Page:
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IHOPKC Cuts Ties with Mike Bickle over ‘Inappropriate Behavior’

Founder of International House of Prayer admitted to “past misconduct” earlier this month.
IHOPKC Cuts Ties with Mike Bickle over ‘Inappropriate Behavior’
Image: Courtesy of IHOPKC
Mike Bickle

Leaders of the International House of Prayer, an influential charismatic evangelical prayer and mission group based in Kansas City, announced Friday that they have cut ties with founder Mike Bickle.

In late October, a group of former IHOPKC leaders accused Bickle of a pattern of alleged clergy sexual misconduct. Earlier in December, Bickle admitted some past misconduct but said that many of the allegations against him were false.

“With a very heavy heart I want to express how deeply grieved I am that my past sins have led to so much pain, confusion, and division in the body of Christ in this hour,” Bickle said in an online statement. “I sadly admit that 20+ years ago, I sinned by engaging in inappropriate behavior—my moral failures were real.”

On Friday, IHOPKC announced that Bickle was no longer part of the group.

“Since taking over management of the crisis, the Executive Committee has received new information to now confirm a level of inappropriate behavior on the part of Mike Bickle that requires IHOPKC to immediately formally and permanently separate from him,” said spokesman and crisis management consultant Eric Volz in a video posted on YouTube.

Volz said that IHOPKC leaders did not have permission to share details about Bickle’s alleged misconduct, only saying an investigation into allegations against him is in process.

The spokesman also announced that Stuart Greaves, executive director of IHOPKC, had resigned, without giving any reason for why he had done so.

Bickle has long been an influential figure in charismatic Christian circles. An early leader in the Vineyard movement, he split with the group in the 1990s over theology and clashes with its founder, John Wimber, and other leaders. Bickle is perhaps best known for founding IHOPKC, which began holding round-the-clock prayer seven days a week in 1999 and later became a missionary movement.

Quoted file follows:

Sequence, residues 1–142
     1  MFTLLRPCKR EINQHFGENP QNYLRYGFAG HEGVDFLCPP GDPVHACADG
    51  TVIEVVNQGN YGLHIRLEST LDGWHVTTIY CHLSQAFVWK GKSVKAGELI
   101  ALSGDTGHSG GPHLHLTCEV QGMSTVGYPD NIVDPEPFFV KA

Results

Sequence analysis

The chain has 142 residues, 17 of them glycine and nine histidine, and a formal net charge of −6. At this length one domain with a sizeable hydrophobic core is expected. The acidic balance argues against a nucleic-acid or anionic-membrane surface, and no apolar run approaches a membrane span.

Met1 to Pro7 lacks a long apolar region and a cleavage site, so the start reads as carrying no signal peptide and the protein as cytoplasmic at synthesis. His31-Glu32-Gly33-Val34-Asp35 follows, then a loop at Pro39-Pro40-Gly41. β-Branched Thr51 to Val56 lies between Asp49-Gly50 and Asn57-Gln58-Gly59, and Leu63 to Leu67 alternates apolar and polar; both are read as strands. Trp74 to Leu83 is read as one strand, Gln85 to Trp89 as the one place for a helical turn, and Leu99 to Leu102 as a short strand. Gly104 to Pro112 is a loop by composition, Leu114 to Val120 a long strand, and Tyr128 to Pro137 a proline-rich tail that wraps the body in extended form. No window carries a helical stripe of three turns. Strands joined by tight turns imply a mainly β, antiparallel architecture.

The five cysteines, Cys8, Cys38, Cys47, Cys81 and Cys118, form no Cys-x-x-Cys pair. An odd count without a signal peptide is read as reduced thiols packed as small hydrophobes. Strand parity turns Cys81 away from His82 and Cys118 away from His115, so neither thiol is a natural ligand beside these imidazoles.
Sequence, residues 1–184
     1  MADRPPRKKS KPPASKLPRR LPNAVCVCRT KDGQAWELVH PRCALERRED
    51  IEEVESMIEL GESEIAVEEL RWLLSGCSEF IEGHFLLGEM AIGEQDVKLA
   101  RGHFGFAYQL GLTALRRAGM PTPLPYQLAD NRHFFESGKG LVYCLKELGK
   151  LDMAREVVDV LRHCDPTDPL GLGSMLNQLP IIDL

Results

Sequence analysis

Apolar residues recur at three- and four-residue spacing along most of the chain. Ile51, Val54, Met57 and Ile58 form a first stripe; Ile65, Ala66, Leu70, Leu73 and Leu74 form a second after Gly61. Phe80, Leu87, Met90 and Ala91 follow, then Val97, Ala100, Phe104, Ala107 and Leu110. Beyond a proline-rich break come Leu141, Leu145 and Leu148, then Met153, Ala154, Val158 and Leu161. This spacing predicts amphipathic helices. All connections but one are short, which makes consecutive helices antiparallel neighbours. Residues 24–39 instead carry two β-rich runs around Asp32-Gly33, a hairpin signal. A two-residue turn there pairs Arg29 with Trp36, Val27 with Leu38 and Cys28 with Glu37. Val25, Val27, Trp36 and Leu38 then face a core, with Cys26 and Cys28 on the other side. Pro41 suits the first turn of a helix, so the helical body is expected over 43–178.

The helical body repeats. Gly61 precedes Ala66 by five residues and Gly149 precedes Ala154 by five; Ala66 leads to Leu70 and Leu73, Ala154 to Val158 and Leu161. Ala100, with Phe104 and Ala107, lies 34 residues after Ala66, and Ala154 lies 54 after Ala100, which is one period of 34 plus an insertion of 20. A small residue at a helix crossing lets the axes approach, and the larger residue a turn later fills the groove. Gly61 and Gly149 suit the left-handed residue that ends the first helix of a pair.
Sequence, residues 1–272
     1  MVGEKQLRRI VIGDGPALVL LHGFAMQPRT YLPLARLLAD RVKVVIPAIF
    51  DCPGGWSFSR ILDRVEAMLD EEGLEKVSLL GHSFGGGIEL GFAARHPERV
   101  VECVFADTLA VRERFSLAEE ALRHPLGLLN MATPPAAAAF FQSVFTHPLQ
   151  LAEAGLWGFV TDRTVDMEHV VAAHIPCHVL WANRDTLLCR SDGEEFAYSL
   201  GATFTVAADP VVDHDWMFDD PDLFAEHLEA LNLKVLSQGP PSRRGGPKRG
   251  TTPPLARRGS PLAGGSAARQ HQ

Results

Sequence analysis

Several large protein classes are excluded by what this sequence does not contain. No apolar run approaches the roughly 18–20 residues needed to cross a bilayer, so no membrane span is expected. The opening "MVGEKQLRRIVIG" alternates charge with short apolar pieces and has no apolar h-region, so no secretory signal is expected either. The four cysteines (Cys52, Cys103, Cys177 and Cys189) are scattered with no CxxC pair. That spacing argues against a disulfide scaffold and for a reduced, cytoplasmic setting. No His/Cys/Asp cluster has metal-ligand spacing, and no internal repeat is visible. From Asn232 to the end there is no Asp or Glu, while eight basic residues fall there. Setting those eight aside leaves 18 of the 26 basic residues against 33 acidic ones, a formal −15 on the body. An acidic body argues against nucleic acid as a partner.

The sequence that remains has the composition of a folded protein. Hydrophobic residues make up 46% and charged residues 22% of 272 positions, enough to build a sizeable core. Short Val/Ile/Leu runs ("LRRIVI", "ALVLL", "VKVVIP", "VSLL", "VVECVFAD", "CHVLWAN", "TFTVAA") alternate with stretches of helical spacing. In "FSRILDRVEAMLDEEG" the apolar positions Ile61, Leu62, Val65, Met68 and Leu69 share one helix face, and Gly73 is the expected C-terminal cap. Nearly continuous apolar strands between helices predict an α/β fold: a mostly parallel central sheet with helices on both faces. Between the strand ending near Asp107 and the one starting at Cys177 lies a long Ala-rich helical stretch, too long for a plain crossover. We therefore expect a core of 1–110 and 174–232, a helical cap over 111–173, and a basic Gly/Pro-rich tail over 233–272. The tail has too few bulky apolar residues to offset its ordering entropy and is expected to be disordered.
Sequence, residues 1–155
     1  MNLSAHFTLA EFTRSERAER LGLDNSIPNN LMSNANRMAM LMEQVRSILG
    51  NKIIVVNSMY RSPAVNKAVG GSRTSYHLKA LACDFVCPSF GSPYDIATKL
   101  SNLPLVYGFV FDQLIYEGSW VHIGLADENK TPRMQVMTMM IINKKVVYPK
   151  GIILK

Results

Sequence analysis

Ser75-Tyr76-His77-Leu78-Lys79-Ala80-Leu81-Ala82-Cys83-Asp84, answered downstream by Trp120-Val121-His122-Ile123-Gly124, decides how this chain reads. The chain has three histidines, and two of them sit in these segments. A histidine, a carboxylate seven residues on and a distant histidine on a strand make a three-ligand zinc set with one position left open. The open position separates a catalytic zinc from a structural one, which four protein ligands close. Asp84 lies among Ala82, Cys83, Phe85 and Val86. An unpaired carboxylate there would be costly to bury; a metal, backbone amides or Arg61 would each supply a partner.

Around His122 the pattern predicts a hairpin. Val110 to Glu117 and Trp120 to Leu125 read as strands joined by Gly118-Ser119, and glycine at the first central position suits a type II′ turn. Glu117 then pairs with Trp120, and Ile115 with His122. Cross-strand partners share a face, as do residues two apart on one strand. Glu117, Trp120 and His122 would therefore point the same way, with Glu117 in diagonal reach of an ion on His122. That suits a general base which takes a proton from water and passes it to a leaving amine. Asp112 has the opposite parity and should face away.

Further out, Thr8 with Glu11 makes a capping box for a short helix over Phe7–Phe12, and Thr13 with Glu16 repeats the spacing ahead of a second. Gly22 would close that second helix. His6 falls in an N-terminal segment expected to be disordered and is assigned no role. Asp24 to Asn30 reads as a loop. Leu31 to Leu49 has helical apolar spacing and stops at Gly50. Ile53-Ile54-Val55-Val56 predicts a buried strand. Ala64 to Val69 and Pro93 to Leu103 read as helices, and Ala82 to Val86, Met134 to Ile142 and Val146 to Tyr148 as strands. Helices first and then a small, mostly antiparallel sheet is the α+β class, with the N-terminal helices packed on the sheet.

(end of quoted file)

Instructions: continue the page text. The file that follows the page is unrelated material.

Bickle has also been a leader in the New Apostolic Reformation, which stresses the idea the church should be led by modern-day prophets and apostles.

IHOPKC leaders released an initial report in November casting doubt on the allegations against Bickle, based on an internal review. But Volz announced earlier this month that IHOPKC had hired the Lathrop Group to investigate further. IHOPKC, which is paying for the review and signed the contract with the Lathrop Group, says the investigation is independent.

Volz said the decision to cut ties with Bickle shows why an independent investigation is needed. He also said IHOPKC leaders have pledged to “implement any and all changes necessary to church policies, procedures, and culture to ensure that IHOPKC does not travel down this difficult road again.”

Advocates for alleged survivors of abuse, including attorney Boz Tchividjian, say they want the truth about the allegations but are skeptical that the Lathrop Group investigation will be independent. They cite a statement on the firm’s website that boasts of its work to defend religious groups dealing with abuse allegations.

Meanwhile, CT reported this month how the allegations against Bickle have shaken evangelicals in Brazil, where he and his prayer movement have a large following, and forced a conversation on how Brazilian churches handle abuse.

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